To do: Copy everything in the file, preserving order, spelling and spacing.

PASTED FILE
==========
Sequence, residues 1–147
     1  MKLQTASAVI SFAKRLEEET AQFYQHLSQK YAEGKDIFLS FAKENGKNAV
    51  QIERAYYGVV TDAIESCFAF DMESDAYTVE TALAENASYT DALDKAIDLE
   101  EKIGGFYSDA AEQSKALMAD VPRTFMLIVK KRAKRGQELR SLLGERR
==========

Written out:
Sequence, residues 1–147
     1  MKLQTASAVI SFAKRLEEET AQFYQHLSQK YAEGKDIFLS FAKENGKNAV
    51  QIERAYYGVV TDAIESCFAF DMESDAYTVE TALAENASYT DALDKAIDLE
   101  EKIGGFYSDA AEQSKALMAD VPRTFMLIVK KRAKRGQELR SLLGERR